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Thursday 22nd August 2019

Orion Pharma develops specialist interactive website for patients with Parkinson's

24th February 2012

Orion Pharma has funded an interactive website for Parkinson’s patients, their carers and health care professionals.

The site  www.wearingoff.co.uk offers support and tools on how to recognise wearing-off symptoms as well as being packed with information to help patients. It also contains an online symptom diary to track a patient’s progress.

Every hour someone in the UK is told they have Parkinson’s, a progressive neurological condition with no cure. 1 The main symptoms are tremor, rigidity and slowness of movement which usually begin very gradually, develop slowly and can occur in any order.
Levodopa therapies are prescribed eventually to most people with Parkinson’s. However, long term use of this medicine may give rise to certain complications where symptom control fades out and the effect of the drug wears off.

The symptoms that tend to return during wearing-off may include tremor, stiffness, slowness, muscle cramping, reduced dexterity and agility, mood changes, slowness of thinking, anxiety or even pain at the end-of-dose period.

www.wearingoff.co.uk contains detailed symptom questionnaires which can be regularly filled in and printed off for patients to prompt discussion with their doctor – allowing treatment to be quickly adjusted to improve symptoms.

A spokesman for Orion said: ‘The pressures of coping with Parkinson’s are immense and the amount of information available can be overwhelming. This site guides patients and their carers through the key information, treatment available, symptoms to watch out for and contains helpful blogs from other patients.’


The symptoms of Parkinson’s

Tremor – Tremor usually begins on one hand or arm. It is more likely to occur when the affected part of the body is resting and it decreases or even disappears when the affected part is being used. Around 70% of people with Parkinson’s disease suffer from tremor.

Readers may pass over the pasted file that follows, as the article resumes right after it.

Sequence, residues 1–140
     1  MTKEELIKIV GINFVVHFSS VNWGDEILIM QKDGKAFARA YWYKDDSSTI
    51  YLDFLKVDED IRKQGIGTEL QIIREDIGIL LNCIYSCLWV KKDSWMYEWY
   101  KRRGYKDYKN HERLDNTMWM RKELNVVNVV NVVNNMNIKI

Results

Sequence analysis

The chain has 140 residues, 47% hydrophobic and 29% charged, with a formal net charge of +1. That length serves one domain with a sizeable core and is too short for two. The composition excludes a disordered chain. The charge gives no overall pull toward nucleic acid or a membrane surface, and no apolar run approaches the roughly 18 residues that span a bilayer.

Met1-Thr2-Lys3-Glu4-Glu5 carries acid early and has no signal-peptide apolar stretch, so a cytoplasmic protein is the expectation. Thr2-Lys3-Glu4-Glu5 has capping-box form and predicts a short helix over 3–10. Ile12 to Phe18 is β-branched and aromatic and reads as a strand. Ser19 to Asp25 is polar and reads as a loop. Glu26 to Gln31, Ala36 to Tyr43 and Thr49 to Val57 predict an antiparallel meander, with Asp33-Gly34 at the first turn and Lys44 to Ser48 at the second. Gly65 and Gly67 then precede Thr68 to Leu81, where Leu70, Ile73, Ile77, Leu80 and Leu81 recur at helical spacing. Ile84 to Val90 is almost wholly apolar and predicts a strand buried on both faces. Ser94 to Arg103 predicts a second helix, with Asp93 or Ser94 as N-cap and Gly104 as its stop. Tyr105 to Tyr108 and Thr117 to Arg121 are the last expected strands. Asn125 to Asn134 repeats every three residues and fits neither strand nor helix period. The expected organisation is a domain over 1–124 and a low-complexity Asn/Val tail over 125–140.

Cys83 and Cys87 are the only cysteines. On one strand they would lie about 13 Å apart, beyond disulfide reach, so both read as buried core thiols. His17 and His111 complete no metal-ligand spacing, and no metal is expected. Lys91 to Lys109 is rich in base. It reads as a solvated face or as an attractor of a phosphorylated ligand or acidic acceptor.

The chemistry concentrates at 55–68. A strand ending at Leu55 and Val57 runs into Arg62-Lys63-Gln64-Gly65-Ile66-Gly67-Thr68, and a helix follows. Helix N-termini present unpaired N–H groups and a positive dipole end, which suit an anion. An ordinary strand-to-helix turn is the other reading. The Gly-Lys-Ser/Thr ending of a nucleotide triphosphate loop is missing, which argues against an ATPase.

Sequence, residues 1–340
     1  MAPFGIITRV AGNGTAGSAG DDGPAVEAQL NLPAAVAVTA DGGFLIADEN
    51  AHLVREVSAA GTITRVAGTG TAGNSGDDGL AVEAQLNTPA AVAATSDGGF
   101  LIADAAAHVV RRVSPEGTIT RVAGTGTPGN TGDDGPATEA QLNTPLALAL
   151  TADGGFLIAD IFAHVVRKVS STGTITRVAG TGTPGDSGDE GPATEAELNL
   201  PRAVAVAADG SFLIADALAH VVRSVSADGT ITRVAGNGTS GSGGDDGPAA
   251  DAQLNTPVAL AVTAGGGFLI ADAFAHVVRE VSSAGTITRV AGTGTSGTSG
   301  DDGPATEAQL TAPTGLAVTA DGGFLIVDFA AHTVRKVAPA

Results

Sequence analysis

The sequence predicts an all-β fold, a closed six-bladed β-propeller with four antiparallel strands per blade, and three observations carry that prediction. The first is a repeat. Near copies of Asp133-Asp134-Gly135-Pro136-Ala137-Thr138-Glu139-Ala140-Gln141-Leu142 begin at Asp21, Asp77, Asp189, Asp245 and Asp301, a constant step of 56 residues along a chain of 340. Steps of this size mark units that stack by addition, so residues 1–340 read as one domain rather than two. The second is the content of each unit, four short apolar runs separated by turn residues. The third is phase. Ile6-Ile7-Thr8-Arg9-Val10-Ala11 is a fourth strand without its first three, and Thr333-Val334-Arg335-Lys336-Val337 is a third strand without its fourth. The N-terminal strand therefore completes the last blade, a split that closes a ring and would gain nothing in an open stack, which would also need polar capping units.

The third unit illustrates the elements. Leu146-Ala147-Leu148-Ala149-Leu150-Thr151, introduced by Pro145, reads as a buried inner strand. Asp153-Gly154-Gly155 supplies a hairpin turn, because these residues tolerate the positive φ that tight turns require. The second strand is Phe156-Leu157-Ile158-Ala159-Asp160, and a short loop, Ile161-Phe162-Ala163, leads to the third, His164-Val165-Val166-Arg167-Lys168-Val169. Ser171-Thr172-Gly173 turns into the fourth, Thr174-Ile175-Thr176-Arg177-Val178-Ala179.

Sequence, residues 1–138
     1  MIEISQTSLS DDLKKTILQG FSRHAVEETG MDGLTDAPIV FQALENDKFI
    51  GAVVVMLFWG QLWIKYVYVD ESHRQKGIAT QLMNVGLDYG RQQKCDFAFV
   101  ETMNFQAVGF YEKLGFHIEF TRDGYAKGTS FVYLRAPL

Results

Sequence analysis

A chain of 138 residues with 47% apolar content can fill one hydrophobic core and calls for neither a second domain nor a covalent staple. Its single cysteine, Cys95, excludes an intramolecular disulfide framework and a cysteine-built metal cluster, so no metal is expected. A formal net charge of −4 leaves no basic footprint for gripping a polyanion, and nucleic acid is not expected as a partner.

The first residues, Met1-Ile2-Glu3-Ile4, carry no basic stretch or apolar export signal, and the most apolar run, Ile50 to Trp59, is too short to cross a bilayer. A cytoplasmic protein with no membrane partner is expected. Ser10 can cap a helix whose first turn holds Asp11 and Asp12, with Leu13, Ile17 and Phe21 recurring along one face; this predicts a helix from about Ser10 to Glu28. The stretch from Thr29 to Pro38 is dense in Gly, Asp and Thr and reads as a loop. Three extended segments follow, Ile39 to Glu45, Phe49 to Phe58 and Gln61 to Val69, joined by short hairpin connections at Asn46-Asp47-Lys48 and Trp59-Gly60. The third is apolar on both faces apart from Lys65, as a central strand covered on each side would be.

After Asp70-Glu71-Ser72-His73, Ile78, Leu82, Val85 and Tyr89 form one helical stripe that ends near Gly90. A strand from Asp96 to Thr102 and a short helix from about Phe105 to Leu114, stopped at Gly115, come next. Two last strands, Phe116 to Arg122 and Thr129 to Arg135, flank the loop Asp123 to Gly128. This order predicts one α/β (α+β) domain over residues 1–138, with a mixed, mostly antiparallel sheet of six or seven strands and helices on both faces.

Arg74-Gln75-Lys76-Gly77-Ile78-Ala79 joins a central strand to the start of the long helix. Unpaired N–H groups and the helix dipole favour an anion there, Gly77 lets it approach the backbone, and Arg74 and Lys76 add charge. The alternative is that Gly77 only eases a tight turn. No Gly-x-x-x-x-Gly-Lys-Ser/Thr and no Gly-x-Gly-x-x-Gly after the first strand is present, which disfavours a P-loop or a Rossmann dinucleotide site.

Muscular rigidity or stiffness – People can find it difficult to get out of a chair or roll over in bed. It can also be difficult to open a door, write with a pen or even sort money in a purse. Some people also develop a stooped posture or experience a stiff face.
Slowness of movement – People with Parkinson’s often find it difficult to start movements or moving and it can take longer to perform movements. Lack of co-ordination can also be a problem. Other symptoms include tiredness, depression and difficulties with speech, balance and writing.

10 facts about Parkinson’s

  • Parkinson’s is named after Dr James Parkinson (1755-1824), the doctor that first identified the condition.
  • It is caused by the loss of brain cells (neurones) in a part of the brain called the substantia nigra, which produces the chemical messenger dopamine.
  • As the cells die, less dopamine is produced and transported to the striatum, the area of the brain that co-ordinates movement. Symptoms develop when about 80% of dopamine has been lost.
  • The reason that Parkinson’s develops is not known.
  • Approximately 4 million people worldwide suffer from Parkinson’s. Around 120,000 people in the UK have the condition.
  • The main symptoms of Parkinson’s are tremor, slowness of movement (bradykinesia) and muscle stiffness or rigidity.
  • The National Institute for Health and Clinical Excellence (NICE) published guidance on the treatment of Parkinson’s in June 20062.
  • There is no cure for Parkinson’s, but treatments can help control the symptoms and maintain quality of life.
  • Parkinson’s can be treated with a combination of drug treatments and other therapies, for example, speech therapy, physiotherapy.
  • The risk of developing Parkinson’s increases with age. Symptoms usually occur after the age of 50.
  • Around 1 in 20 people are diagnosed under the age of 40 years.

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